Serious games work by practising skills and tracking achievement, but also by giving learning an addictive quality. The “one more move” thinking that keeps video gamers up all night is harnessed for learning. It is based on the release of the neurotransmitter dopamine. What dopamine does is make us want the “next good thing.” Once we get it, we lose interest and want “another good thing.”

This is called a compulsion loop in game design, and can be the basis of making university courses not only relevant, but engaging. It is also a form of active learning, which has been shown to increase grades and decrease failure rates in a major review of research in the field.

Playgrounds of learning

The best SEGs now are called “open world games” and are a blend of mixed reality and game design. Imagine living in an alternate reality, where you are not you, but an image of you called an avatar, and this avatar is having adventures building something, defeating a plague or combating addiction.

This is called a “conglomerate of player satisfaction loops” and, in short, gives you so many things to do in this alternate world that you don’t know where to start. These are truly open exploratory playgrounds of learning, you can study things in any order you want, there is no scripting of learning in the best SEGs. You simply enter an imaginary digital world and begin to engage with it.

Preliminary studies by professors Deb Fels, Rob Bajko and other faculty at Ryerson University for internal purposes have shown that the majority of students prefer to learn using games.

Students learning to manage care of the frail elderly using a card-based game. Photo credit Baycrest Health Sciences, author provided.

One long term study tracked a class of students using game-based learning over a three-year period and found there were many types of players.

Some students were thrilled by the game, some less so, but in all cases, the better they did in the game, the better they did in the courses. This has been replicated many times by the author and other teams.

We learn a lot when we love what we are learning. Its a basic benchmark of achievement in higher education. Human beings love doing certain things, and learning to become a master of their own world, however fantastical it might be, is one of them.

Game worlds and mixed reality are rapidly developing fields which any educator with even a passing interest in leveraging student success would be advised to track as it unfolds.

How to get culture right when embedding it into AI

Written by William Michael Carter. Photo credit MIT. Originally published in The Conversation.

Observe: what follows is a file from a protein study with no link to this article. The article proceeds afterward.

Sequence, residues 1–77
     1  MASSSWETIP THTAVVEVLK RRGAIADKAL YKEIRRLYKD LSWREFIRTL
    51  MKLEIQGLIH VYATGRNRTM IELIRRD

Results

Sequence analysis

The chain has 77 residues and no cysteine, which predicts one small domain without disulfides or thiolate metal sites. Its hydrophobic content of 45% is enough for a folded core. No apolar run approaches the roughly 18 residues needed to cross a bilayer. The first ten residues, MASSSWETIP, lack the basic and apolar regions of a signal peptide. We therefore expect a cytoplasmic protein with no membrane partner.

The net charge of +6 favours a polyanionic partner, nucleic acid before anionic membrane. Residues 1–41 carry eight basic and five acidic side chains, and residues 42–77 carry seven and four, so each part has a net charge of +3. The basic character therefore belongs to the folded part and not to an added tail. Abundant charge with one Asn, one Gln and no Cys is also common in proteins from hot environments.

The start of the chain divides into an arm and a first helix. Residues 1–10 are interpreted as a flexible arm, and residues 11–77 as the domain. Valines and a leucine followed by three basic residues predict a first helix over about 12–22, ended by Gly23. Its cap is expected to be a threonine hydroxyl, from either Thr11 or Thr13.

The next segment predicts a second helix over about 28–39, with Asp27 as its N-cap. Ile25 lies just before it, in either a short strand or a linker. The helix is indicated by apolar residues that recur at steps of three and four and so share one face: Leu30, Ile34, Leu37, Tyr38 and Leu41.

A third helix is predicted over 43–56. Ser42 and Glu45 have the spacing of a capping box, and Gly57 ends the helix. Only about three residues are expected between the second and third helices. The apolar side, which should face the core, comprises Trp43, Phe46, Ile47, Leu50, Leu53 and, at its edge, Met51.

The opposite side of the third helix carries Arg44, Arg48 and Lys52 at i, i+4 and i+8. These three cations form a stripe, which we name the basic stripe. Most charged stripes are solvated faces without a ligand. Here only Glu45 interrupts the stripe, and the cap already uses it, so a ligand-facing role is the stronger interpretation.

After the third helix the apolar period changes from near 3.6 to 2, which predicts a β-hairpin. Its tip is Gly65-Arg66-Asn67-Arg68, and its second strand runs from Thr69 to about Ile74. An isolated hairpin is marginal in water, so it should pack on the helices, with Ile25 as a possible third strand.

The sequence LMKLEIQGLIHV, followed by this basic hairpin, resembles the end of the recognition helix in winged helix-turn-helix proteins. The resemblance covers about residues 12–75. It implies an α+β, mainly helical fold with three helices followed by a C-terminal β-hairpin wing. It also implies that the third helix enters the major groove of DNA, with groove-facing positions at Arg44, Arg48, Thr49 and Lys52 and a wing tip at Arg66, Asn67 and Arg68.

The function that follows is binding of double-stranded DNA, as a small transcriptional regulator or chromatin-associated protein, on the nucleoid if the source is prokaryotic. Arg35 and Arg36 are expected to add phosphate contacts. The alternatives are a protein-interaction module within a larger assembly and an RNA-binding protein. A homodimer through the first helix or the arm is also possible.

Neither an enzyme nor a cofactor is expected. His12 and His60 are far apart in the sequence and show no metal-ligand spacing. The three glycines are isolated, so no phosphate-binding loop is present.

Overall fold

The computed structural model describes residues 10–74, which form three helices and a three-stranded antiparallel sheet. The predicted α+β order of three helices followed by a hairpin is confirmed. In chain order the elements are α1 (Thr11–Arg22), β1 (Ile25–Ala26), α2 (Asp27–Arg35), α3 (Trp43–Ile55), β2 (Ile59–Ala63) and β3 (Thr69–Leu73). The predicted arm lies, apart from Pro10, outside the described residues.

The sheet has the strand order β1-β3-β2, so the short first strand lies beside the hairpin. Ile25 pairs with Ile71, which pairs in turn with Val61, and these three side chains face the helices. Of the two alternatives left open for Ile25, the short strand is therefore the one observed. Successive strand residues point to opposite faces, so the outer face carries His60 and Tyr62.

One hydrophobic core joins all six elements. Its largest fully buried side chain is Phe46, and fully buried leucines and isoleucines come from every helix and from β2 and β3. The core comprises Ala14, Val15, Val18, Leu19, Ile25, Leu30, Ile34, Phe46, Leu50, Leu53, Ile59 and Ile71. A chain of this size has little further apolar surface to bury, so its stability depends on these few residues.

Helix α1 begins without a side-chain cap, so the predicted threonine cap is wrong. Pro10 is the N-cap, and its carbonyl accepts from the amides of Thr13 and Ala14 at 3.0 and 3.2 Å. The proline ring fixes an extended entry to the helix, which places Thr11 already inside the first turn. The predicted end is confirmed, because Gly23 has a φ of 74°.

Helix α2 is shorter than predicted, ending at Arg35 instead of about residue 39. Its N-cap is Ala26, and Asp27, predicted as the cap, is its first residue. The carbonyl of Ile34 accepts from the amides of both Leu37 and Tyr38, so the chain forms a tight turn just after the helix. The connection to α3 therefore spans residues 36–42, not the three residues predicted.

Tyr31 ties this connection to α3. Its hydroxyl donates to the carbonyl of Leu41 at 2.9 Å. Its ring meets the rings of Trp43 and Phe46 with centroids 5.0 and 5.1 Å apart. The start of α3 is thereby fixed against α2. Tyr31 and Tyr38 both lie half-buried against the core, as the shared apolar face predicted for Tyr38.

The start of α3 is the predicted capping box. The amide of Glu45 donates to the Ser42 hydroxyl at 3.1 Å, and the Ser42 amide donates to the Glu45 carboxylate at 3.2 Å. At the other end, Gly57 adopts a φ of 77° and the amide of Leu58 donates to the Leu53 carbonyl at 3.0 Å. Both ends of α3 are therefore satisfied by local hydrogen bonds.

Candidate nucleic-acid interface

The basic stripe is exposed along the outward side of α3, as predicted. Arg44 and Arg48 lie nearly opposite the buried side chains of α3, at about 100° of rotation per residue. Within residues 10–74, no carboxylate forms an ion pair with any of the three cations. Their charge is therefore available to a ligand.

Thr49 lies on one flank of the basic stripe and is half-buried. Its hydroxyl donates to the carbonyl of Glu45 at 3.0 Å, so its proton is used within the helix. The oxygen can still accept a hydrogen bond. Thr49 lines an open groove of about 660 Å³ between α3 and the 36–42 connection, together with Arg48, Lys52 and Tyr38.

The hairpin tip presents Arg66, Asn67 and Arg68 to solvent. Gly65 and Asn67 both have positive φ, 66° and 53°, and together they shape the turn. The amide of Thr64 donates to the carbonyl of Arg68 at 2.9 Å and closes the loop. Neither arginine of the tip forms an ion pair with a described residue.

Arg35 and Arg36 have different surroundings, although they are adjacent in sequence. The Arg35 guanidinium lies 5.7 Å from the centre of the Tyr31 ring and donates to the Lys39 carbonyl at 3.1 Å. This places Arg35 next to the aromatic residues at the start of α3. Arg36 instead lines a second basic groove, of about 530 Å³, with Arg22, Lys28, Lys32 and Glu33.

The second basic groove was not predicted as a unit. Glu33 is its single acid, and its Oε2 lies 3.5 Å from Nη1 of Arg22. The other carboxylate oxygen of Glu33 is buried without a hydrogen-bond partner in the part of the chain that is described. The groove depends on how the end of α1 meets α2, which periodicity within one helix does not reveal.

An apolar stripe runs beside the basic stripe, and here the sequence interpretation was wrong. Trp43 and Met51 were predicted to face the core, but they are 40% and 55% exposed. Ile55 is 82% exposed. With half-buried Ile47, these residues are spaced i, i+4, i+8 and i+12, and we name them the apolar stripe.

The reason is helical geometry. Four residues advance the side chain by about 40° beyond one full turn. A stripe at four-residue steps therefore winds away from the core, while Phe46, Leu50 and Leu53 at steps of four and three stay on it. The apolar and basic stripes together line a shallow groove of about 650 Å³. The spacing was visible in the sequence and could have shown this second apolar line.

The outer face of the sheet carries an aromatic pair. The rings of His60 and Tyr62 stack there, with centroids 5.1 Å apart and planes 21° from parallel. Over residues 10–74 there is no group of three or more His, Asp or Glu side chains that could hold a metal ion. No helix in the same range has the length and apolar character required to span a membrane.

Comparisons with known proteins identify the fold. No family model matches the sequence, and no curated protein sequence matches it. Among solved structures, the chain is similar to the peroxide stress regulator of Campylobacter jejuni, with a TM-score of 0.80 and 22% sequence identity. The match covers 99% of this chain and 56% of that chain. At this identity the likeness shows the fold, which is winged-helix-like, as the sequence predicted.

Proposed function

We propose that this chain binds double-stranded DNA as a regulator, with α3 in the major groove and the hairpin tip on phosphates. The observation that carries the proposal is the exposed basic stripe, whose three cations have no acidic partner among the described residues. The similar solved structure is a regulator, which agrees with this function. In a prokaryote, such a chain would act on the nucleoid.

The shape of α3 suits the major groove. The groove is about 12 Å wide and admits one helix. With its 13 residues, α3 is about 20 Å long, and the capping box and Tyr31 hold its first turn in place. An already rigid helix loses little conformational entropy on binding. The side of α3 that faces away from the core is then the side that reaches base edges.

MIT’s experiment with a serial killing AI called Norman, based on Psycho’s Norman Bates, underscores the importance of ensuring we get it right when embedding AI with culture.

If, like Rip Van Winkle, you’ve been asleep for the last decade and have just woken up, that flip phone you have has become super-popular among retro technologists and survivalists alike, and, oh yeah, Artificial Intelligence (AI) is either going to kill you or save you.

AI is the latest in a long line of technology buzzwords that have gripped society, and if we are to believe the people at the respected technology analysts firm Gartner Inc., 2018 will be the year in which AI is truly integrated into our daily lives. As unnerving as the surreal robotics being cooked up at Boston Dynamics or the deployment of facial recognition AI in Chinese public schools may seem, this technology is a product of the human condition and as such, we are embedding our own culture within its coded DNA.

Debates about AI currently focus on the notion of ethics. In the study of culture, ethics are embedded within values, and they’ve become an important part of the deliberations about how AI will integrate into our lives. What hasn’t been discussed is whose ethics, and ultimately whose values, we are talking about.

Is it Western versus Eastern, or is it American versus everyone else? As values within culture are influenced by the community and larger society, ethics are dependent on the cultural context in which communal values have developed.


Thus, culture plays an important role in the formation of AI through what’s known as the enculturation of that data.

Anthropologist Genevieve Bell, the previous Intel vice-president and cultural visionary, was able to steer the tech giant towards a more profound understanding of how culture and AI interplay with each other.